Glutathione and the Role of Inflammation in MS

Discuss herbal therapies, vitamins and minerals, bee stings, etc. here

Glutathione and the Role of Inflammation in MS

Postby yigalby » Wed Dec 28, 2011 7:20 am

User avatar
yigalby
Getting to Know You...
 
Posts: 19
Joined: Thu Dec 23, 2010 3:00 pm

Advertisement

Re: Glutathione and the Role of Inflammation in MS

Postby jackD » Wed Dec 28, 2011 6:16 pm

Excess Glutamate and insufficient Glutathione does lots of damage in the 2nd stage of MS.


http://home.ix.netcom.com/~jdalton/ms-two-stages.pdf (DO NOT PANIC!!!) THIS IS ONLY TWO(2) PAGES LONG!~!!!!!!!!~!!!!!!!

Image

Increase glutathione - reduce glutamate levels

--------------------------------------------------------------------------------

One of the best ways to counter Glutamate excitotoxicity and resulting neuron deaths is to increase glutathione levels.

Unfortunately, glutathione supplements taken orally are very poorly absorbed and have not raised glutathione levels in the blood. So save your money.

The glutathione precursor, N-acetyl-cystine(commonly just called NAC) provides sufficient sulphur containing amino acid (a duo or dimer of cysteine) to boost glutathione levels.

NAC is readily absorbed and boosts glutathione levels quite well.

Glutathione contains the following 3 amino acids linked together: Glutamate—cysteine--glycine.

There are some foods that that boost glutathione levels. I do not know all of them but a few are Asparagus, avocados, and walnuts which are known to be a rich sources of glutathione.

http://www.nutritionadvisor.com/glutathione_foods.php

Also broccoli, brussels sprouts, cabbage and cauliflower all contain cyanohydroxybutene which increases glutathione levels.
Avocados, peaches, bueberries and watermelon are also reported to raise glutathione levels.

Several spices including cinnamon, cardamom and curcumin found in turmeric raise glutathione levels.

Alpha Lipoic Acid (ALA) promotes the synthesis of glutathione in the body. Food sources of ALA include spinach, broccoli, tomatoes, peas, Brussels sprouts, and rice bran. Real Hellman’s Mayonnaise also provides 660 mg of ALA per 1 tablespoop.


jackD
Last edited by jackD on Fri Sep 26, 2014 10:05 am, edited 2 times in total.
User avatar
jackD
Family Elder
 
Posts: 336
Joined: Wed May 24, 2006 2:00 pm
Location: Near Wash DC

Re: Glutathione and the Role of Inflammation in MS

Postby jackD » Wed Dec 28, 2011 6:35 pm

RATS LOVE THIS STUFF!!!@!

jackD

The substance the body produces to counter Glutamate is the antioxidant glutathione. Curcumin(tumeric extract) that states that it increases the bodies production of the antioxidant glutathione.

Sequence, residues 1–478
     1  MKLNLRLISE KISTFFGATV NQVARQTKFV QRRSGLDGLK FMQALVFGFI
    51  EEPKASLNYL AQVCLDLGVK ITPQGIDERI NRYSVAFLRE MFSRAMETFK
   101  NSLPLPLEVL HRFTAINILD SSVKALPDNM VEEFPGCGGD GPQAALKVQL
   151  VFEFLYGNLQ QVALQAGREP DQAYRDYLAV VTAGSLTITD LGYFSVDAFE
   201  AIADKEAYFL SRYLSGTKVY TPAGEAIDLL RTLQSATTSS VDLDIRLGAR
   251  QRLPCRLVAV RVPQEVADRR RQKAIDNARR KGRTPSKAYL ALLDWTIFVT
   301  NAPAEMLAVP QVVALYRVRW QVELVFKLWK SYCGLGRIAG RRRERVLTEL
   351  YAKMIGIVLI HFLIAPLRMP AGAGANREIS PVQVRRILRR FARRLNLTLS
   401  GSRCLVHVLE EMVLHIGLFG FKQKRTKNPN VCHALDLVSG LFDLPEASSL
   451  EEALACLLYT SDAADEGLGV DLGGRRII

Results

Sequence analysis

You cannot take glutathione directly as a pill or supplement because it breaks down in the gut, But some supplements will cause the body to increase the natural production of glutathione.


Popular Botanical Supports Brain Health

A recent study investigated the effects of a popular herb in regards to cognitive deficits and oxidative damage in the brain.

Curcumin is a potent antioxidant and the principle active constituent in turmeric (Curcuma longa). In a new study, rats were treated with a chemical called streptozotocin to induce oxidative damage within the brain, which is used as an experimental model for dementia. The rats then received either 80 mg per kg of curcumin or placebo for 3 weeks.

After 2 weeks of streptozotocin treatment, the rats showed significant cognitive deficits as measured by passive avoidance and water maze tasks. The rats that received curcumin demonstrated significantly improved cognitive performance compared to the rats that did not. In addition, the group supplemented with curcumin also showed a significant decrease in markers for oxidative stress such as 4-hydroxynonenal, malonaldehyde, thiobarbituric reactive substances, hydrogen peroxide, protein carbonyl, and oxidized glutathione.

Curcumin also augmented levels of the potent antioxidant glutathione and the enzymes responsible for the regeneration of glutathione in specific areas in the brain, including the hippocampus and cerebral cortex.

Furthermore, curcumin increased the activity of the enzyme called choline acetyltransferase in the hippocampus, which is important in the synthesis of the neurotransmitter acetylcholine. Reduced levels of acetylcholine are believed to play a role in Alzheimer’s disease.

The researchers concluded, “The study suggests that curcumin is effective in preventing cognitive deficits, and might be beneficial for the treatment of sporadic dementia of Alzheimer’s type.”

Reference:

Ishrat T, Hoda MN, Khan MB, Yousuf S, Ahmad M, Khan MM, Ahmad A, Islam F. Amelioration of cognitive deficits and neurodegeneration by curcumin in rat model of sporadic dementia of Alzheimer’s type (SDAT). Eur Neuropsychopharmacol. 2009 Mar 27. Published Online Ahead of Print.
Last edited by jackD on Wed Dec 28, 2011 7:50 pm, edited 1 time in total.
User avatar
jackD
Family Elder
 
Posts: 336
Joined: Wed May 24, 2006 2:00 pm
Location: Near Wash DC

Re: Glutathione and the Role of Inflammation in MS